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Are there any particular advantages/disadvantages to storing apps on the external storage of an Android device? As I have a Nexus S, I can't think of advantages for me as I can't remove the storage, also the internal storage is more than enough for my needs.

I noticed that on phone start up, when I had all my apps moved to USB storage it was quite sluggish to register all the apps on the menu/home screens.

I also read somewhere that having a wallpaper set from a photo that was stored on the external memory actually drained quite a bit of battery too with all the reads (although I think this may have been a bug).

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You haven't got an HTC phone, you don't have all their problems with tiny internal storage. There's no real reason for you to move any apps to SD. –  GAThrawn May 27 '11 at 15:49
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3 Answers

up vote 20 down vote accepted

Advantages:

  • Extend the available space on internal memory for installing more apps.
    Although some parts of the app still stay on the internal memory (data and settings,) it still frees up a significant amount of space. For older handsets with 150MB of free space (G1, MT3G, etc.) this is a huge improvement. For owners of these devices this advantage alone outweighs any disadvantages that this method brings.

Disadvantages:

  • Cannot use apps moved to SD Card if it's unmounted.
    Kind of self-explanatory: if you un-mount the SD Card for removal, the apps that reside on it need to be stopped and um-mounted as well to prevent crashes and data loss if you do remove the card.
  • Inability to use widgets or sync adapters when you move those apps to SD Card.
    This is a design limitation that stands from the above point. Since the apps stored on SD Cards need to be able to be removed on demand, things like widgets or apps that hook into your account settings (e.g. Skype, LinkedIn) will crash, with no easy way to re-start them. So Google made a compromise by requiring these apps to stay on internal memory. Even if you do manage to force them to the SD Card (some custom ROMs allow this), you simply won't be able to use them.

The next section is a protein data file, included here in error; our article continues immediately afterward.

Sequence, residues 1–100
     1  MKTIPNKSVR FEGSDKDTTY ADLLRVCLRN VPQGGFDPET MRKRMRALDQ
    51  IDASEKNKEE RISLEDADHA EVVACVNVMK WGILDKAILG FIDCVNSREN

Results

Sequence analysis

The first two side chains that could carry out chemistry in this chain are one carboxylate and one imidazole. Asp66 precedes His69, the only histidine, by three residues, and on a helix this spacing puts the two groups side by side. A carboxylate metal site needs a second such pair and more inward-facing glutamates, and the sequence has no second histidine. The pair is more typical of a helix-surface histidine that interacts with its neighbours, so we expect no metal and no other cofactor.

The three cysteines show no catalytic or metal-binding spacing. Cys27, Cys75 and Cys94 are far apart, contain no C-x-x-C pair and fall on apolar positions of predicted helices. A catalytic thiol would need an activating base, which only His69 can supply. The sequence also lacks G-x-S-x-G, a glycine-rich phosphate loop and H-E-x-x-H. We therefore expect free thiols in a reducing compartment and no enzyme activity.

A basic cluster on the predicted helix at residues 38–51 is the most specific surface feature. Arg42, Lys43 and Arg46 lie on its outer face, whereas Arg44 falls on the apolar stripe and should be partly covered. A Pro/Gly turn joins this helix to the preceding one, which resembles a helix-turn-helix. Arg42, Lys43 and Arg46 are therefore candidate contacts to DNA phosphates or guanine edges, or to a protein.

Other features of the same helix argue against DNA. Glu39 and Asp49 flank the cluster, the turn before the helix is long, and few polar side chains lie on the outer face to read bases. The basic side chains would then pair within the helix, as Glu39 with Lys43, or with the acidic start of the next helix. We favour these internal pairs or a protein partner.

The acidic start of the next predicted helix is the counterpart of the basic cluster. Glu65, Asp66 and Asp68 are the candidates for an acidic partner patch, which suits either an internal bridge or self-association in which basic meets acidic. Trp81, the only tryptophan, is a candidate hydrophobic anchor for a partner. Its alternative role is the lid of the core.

• Longer boot-up and shut-down times when the system mounts/un-mounts all of the apps stored on SD Card.
    Apps that were moved to SD Card are not stored in plain sight to prevent rampant piracy. Instead, Android sets aside some space and creates a virtual partition for each app that you move. This means that at the initial boot-up, all these virtual partitions need to be mounted before apps stored on them can be accessed. The same holds true when you turn the handset off - each virtual partition is un-mounted before other shutdown processes can happen. Depending on the number of installed apps this can take an extra minute or even longer for the system to "stabilize" upon boot-up (and about 20 extra seconds for shutting down.) Once this happens though, launching these apps doesn't take any longer than those on internal memory.
  • Extra wear on the SD Card.
    This point is debatable, since writing to SD Card (which causes wear) doesn't happen that often. And besides, the SD Cards these days are cheap enough to not worry about their life time.
  • Apps require an update to support this functionality.
    Ability to be moved to SD Card is not automatically granted to older apps. Developers must change their apps to support this feature and issue an update via Market (or whatever distribution method they use.) Some older apps may not be supported any longer, and so may never get this feature. Although some custom ROMs can override this, for most people that are running stock firmware, this is a problem.

For newer devices with gigabytes of internal memory moving apps to external storage is not necessary, since space is not an issue. However for handsets with low memory it's an invaluable tool that extends their shelf life for their owners.

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Another drawback: when restoring from backups, all restored apps go into main memory - which causes the restore to fail when main memory fills up. –  David Apr 16 '12 at 21:07
    
@David That really depends on the application you are using for backup/restore purposes. Better ones (Titanium Backup for example) will give you an option for the restore location, and allow to restore either directly to SD Card, or to the original location. –  Chahk Apr 17 '12 at 0:14
    
sweet! Nice to know; thanks. –  David Apr 17 '12 at 15:31
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For some phones and devices (especially the older ones) the internal storage is quite limited. Every application (and it's data files) take precious space. I.e. my Ideos has 512MB and was nearly full before I started "evacuating" apps to the SD card.

Another factor is the ability to backup your apps and data, or move them to another device.

Other than that, you are right in your observation that apps load slower from the external storage compared to the internal storage. This is very visible if you have those apps' shortcuts on your home screen - you'll see a generic Android icon for the first 30 seconds until the app is located on the card.

I found that switching to a class 6 microSD (I had the default class 2 that came with the phone) improved the situation considerably. Still, it takes my phone about 20 seconds to "equalize" following a cold start.

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Ooh, default class 2? That's harsh. –  Matthew Read May 27 '11 at 17:01
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As far as I know there are limitation for the use of dashboard-widgets for applications on the SD card.

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